Facial recognition technology, drones the size of a butterfly, secure microchips replacing magnetic stripes on credit cards, sensors the size of a grain of sand swallowed by patients that transmit data directly to the physicians, autonomous cars, “Big Data,” the ‘Internet of Things”, artificial intelligence, blockchain technology - all of these are already pushing the limits of privacy advocates, regulators, consumers, lawyers, and the businesses adopting these new technologies. Further, in the aftermath of the reveal of the Cambridge Analytica scandal and Facebook’s data sharing practices, more Americans are thinking about privacy and data protection than ever before.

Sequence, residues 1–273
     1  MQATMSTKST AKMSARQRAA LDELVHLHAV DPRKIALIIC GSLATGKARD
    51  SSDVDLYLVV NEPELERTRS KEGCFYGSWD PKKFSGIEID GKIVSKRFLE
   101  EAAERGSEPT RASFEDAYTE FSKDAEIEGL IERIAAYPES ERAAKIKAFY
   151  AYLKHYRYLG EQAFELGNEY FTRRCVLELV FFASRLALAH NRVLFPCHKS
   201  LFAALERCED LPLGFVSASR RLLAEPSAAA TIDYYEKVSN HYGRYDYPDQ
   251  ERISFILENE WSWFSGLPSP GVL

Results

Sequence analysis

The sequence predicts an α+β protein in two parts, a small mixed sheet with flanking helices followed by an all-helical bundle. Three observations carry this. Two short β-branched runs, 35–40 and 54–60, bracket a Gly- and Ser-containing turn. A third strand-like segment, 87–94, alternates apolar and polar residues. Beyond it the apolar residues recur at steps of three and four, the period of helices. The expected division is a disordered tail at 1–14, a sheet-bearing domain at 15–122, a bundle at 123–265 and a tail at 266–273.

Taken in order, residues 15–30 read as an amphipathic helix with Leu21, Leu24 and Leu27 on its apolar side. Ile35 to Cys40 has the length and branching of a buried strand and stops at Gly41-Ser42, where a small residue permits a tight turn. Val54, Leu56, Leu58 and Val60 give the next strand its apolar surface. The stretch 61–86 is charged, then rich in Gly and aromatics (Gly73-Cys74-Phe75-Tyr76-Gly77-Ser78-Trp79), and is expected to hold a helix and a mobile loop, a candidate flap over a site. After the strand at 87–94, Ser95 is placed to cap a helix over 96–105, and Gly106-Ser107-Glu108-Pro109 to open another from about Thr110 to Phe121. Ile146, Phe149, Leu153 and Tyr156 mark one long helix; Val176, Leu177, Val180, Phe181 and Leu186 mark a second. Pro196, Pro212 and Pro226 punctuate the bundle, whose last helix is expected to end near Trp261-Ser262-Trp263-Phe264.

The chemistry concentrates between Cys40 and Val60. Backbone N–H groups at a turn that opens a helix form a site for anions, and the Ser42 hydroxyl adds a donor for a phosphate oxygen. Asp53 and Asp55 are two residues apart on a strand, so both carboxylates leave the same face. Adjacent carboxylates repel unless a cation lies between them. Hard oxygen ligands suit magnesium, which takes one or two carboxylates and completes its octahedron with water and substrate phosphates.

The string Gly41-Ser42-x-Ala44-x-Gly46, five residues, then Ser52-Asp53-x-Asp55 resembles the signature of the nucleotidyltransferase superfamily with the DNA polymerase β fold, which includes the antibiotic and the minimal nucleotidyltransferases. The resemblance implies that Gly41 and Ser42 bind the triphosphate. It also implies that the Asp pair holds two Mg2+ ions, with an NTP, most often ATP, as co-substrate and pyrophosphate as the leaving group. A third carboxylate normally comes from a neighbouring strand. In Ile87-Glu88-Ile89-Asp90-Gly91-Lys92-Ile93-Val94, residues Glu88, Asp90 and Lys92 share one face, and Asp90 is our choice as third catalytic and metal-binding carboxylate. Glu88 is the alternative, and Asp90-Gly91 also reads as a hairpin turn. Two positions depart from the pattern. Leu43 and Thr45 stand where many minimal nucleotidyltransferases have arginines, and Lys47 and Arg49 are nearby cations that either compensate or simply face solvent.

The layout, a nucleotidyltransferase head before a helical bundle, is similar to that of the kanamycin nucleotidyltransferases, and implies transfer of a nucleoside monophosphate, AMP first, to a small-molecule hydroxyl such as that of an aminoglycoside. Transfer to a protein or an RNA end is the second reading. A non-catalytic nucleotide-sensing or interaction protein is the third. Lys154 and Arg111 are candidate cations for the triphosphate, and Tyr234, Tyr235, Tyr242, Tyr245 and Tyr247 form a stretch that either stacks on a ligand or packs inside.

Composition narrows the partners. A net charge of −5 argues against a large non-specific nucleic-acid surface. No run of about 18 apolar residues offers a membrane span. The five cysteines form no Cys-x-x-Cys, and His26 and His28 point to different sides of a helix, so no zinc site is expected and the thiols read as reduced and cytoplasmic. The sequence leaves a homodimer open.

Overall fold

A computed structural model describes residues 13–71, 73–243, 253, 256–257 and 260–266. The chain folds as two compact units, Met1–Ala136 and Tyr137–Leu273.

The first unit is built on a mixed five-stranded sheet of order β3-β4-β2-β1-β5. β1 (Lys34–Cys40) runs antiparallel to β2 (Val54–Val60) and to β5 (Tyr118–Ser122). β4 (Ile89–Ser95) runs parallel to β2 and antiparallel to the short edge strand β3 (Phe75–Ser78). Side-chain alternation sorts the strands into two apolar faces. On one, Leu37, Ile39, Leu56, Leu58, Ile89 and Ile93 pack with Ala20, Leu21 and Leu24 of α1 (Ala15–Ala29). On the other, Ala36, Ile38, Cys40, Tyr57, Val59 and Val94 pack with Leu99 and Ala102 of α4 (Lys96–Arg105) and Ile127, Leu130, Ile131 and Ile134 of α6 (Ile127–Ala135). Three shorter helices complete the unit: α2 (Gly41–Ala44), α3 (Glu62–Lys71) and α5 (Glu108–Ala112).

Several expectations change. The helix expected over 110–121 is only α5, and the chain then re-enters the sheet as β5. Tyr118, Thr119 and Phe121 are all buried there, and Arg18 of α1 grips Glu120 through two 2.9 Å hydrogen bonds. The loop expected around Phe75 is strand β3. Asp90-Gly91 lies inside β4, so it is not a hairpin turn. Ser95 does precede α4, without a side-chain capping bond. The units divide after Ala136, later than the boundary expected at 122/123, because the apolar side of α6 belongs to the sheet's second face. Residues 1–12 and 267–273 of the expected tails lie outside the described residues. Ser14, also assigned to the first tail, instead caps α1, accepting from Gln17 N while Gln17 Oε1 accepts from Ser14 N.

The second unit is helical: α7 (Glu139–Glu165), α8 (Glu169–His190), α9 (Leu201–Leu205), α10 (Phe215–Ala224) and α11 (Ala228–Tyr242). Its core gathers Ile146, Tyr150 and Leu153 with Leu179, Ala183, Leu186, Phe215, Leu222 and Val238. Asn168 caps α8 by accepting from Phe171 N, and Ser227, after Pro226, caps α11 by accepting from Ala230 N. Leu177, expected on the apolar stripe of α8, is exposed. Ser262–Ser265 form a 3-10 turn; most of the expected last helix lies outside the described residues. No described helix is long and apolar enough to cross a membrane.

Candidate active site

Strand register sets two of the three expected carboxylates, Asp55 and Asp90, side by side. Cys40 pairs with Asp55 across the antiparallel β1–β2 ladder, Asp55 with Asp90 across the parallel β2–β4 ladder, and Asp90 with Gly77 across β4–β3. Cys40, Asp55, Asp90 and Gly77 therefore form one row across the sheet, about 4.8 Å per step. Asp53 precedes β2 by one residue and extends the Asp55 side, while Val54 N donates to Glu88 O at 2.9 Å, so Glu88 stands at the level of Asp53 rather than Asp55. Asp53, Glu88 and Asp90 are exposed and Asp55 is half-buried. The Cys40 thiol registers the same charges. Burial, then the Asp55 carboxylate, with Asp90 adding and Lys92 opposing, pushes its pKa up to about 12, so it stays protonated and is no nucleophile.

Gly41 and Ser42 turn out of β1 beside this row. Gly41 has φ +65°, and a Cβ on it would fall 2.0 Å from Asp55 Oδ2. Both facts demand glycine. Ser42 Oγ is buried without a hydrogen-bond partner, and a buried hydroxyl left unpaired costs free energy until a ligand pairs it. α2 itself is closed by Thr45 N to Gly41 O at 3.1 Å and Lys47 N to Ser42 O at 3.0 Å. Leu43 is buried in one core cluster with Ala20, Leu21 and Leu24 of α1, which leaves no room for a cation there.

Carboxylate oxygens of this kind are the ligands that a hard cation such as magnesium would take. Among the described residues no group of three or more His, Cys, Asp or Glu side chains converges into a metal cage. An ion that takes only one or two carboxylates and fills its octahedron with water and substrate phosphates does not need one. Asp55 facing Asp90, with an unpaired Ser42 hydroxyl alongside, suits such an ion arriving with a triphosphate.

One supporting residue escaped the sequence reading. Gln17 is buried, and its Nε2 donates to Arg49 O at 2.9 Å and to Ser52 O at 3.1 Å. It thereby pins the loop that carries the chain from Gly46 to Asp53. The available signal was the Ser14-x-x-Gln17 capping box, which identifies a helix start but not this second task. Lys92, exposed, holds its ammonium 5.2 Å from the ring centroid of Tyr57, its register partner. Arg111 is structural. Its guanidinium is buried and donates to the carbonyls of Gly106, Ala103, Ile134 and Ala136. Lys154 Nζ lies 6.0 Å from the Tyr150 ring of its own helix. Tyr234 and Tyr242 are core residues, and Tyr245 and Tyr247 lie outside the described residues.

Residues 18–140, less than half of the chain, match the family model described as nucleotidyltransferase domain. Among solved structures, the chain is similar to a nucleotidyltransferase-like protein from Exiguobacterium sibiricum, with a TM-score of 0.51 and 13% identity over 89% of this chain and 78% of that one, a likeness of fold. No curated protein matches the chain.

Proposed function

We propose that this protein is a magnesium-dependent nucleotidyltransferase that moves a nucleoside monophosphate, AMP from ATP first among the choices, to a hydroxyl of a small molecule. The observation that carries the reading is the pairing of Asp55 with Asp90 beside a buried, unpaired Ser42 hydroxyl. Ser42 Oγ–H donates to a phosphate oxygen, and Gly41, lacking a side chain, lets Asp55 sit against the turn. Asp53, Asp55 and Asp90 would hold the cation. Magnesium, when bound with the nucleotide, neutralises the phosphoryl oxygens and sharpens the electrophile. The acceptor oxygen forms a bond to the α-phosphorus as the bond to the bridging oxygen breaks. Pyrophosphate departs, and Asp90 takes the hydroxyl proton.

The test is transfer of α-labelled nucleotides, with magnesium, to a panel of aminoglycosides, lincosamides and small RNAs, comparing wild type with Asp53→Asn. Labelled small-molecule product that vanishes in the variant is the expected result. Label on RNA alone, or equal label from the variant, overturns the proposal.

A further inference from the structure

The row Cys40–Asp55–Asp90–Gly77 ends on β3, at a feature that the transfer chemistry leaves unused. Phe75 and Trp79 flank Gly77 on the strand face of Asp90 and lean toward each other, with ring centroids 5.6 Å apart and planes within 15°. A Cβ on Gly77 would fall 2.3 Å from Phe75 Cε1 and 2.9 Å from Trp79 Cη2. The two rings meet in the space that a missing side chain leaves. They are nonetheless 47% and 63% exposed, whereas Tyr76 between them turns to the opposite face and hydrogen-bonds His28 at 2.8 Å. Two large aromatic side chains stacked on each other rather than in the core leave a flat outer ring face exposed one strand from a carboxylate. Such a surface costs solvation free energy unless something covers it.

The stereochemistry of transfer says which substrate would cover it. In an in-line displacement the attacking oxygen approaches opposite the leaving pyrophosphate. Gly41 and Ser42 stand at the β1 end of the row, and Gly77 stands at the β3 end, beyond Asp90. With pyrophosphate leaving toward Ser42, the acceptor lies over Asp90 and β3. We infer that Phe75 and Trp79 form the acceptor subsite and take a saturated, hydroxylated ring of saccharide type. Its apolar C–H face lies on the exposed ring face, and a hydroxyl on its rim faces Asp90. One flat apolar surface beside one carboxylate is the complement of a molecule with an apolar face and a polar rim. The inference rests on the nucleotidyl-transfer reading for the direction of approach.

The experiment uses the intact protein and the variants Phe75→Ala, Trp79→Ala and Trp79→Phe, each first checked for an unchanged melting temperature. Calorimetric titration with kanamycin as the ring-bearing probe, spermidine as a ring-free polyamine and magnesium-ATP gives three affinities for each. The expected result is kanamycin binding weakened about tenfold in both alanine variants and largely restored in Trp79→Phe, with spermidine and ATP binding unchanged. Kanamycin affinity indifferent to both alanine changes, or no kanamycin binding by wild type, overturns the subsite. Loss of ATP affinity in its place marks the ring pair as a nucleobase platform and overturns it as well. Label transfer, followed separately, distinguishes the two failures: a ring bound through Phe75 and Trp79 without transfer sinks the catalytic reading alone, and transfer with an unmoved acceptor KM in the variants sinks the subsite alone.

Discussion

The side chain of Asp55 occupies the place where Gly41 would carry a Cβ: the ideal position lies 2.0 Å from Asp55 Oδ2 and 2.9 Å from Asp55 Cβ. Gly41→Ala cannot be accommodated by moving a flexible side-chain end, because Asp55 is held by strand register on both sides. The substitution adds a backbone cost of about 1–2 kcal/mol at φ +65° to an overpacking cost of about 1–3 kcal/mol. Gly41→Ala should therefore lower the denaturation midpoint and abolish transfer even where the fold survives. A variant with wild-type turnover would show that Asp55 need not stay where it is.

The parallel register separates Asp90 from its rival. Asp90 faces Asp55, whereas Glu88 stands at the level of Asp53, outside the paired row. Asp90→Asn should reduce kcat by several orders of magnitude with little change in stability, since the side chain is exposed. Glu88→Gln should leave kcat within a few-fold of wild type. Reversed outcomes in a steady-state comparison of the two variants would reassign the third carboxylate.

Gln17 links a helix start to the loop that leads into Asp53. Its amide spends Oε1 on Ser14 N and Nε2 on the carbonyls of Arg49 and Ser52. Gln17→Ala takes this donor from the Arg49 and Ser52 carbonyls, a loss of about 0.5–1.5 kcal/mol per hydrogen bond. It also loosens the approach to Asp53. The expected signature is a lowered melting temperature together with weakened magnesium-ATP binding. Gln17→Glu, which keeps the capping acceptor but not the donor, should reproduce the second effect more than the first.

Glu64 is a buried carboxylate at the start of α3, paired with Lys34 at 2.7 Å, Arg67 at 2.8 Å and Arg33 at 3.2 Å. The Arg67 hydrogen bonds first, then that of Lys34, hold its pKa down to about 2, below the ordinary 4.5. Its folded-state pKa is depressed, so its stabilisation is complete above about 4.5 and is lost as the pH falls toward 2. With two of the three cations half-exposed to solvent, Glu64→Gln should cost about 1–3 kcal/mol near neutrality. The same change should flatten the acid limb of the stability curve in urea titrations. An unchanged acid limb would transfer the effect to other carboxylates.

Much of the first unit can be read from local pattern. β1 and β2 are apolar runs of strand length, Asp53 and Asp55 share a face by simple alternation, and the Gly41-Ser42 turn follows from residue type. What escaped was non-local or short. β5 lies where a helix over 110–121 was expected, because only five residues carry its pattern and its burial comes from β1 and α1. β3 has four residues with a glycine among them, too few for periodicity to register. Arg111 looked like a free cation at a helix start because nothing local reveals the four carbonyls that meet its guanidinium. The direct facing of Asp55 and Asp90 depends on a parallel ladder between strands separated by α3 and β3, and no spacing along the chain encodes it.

COVID-19 led to the need for widespread testing and tracing to allow for appropriate public health measures. This testing and other health monitoring efforts has resulted in the collection of massive amounts of personal data. While public health and safety concerns are paramount, these actions raise numerous privacy issues.
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